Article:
Ok, well that’s easy. Bikers, please dismount when you approach walkers (give them space) and if there are too many walkers to move freely then you should walk your bike. But if the sidewalk is clear then there is no harm to walkers. I so often find myself riding the sidewalk for ½ a block up to my front door. I could stay on the road but then I’d have to make an awkward right turn between parked cars and bump my bike over the curb (with panniers full of groceries). In my neighbourhood it’s a sad reality that our sidewalks are usually empty so I have no guilt about starting and finishing my ride with a short blink of sidewalk.

Second charge: Bikers are a danger to themselves
There’s no denying that this has to change. But let’s be clear about what the problem really is. Speed. Biking speed is too fast for most crosswalks. You can’t expect to fly through them (you may pay the price.) The best way to control your speed is to walk your bike across the street (looking both ways and all that) but I do feel fine carefully and slowly pedaling across. When I do this I know that I am acting out of the norm and so do not expect drivers to see me or stop. First, I check to see if there are even any cars around. And if there are, I’ll make eye contact with a clear intention that I’m just going to inch my way across. Another advanced method is to approach the intersection at low speed <5kph in side saddle mode (half demounted, both legs on one side of the bike). Once you’ve scanned the intersection it allows you to quickly stop and walk without having to come to a complete stop.

Ok so the two most problematic concerns can be addressed by controlling speed and walking when needed. Finally there are a couple more things that I must address. First it’s the issue of funky bike lanes. What do you do when your bike lane suddenly becomes a sidewalk? Perhaps the lane ends at the bridge or an intersection. These are often small gaps perhaps a block or less long. What are you going to do? You’ve been biking for 10 minutes and you have another 10 minutes to go with a blip in the middle. Your 20 minute commute turns into a 25 minutes commute if you walk the block. You can plow on through as if its your right to bike but don’t forget that you’re at risk of getting hit by a car when you fly through a pedestrian cross walk. I won’t suggest that you walk your bike but I do encourage bikers to watch those crosswalks. It’s easy to be lulled to sleep on a bike path, so notice the change and wake up. In my city of Calgary there are a few notoriously awkward bike path interchanges that I encounter. The 14th Street bridge coming into downtown is one such case. I probably split my time evenly between riding on the ambiguous sidwalk bike path and just the straight up 4-lane street. Other examples include little things such as the cross walk lights across Memorial Drive for the river pathway near 25th Street NW. I pull off the bike path and use the flashing walk lights to cross the Memorial Drive. Technically I should walk my bike across the road but honestly, I am stopped and can observe cars coming to a halt. It is kind of amazing to watch 20 cars to come to a stop for one pedestrian. I’d rather not hold up traffic anylonger than needed – so I ride through which is much quicker than walking. As a driver I know what I’d prefer…funny how it’s the same thing when I’m a biker.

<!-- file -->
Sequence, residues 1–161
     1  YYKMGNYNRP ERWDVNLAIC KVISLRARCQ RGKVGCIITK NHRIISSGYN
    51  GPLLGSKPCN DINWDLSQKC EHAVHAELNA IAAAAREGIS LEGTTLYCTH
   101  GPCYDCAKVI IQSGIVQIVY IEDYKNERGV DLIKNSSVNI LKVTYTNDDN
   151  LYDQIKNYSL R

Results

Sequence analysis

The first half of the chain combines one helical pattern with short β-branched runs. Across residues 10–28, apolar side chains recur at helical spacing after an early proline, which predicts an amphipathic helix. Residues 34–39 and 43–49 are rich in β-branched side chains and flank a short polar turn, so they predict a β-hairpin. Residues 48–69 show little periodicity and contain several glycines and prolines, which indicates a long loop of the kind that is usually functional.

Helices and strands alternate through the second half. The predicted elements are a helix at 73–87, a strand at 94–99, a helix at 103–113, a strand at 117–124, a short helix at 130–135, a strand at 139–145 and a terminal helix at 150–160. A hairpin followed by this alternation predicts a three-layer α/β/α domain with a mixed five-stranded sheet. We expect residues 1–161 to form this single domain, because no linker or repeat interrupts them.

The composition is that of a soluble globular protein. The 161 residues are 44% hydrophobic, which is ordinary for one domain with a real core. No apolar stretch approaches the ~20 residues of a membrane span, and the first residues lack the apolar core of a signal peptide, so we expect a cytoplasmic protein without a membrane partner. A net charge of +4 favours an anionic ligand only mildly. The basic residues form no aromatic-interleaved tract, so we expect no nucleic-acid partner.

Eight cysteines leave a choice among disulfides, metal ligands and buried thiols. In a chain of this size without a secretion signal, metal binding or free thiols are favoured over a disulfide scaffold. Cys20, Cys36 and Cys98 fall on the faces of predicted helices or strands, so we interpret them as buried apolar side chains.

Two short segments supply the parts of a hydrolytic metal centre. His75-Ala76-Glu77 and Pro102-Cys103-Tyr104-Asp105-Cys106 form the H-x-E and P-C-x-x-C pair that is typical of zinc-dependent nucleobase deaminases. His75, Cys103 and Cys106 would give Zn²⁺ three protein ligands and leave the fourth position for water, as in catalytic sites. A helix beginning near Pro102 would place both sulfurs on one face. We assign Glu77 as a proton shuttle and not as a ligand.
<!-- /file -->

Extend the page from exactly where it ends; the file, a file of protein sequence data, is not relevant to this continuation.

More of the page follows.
The final topic of sidewalks relates to kids. I think they should be riding on the sidewalk. But at what age do they enter traffic? That’s a good question and only a parent who has spent time with their child on a bicycle knows the answer to that. What I don’t want is for young people to be squeezed off their bicycle because they can’t bike anywhere. At some age the dual pressures of traffic danger keeping them off the road and laws keeping them off the sidewalk will crush their biking spirit. As a parent keep in mind that at some point (some age) they will reach the speed that puts walkers at risk and most importantly your kid at risk when speeding through crosswalks The solution is training, patience, coaching, patience, and defined family rules. A bicycle can be a liberating vehicle for youth so its ok to confer a sense of responsibility to accompany that freedom. We do it with our teenagers as they take the steering wheel, we can do it as well when they pedal away.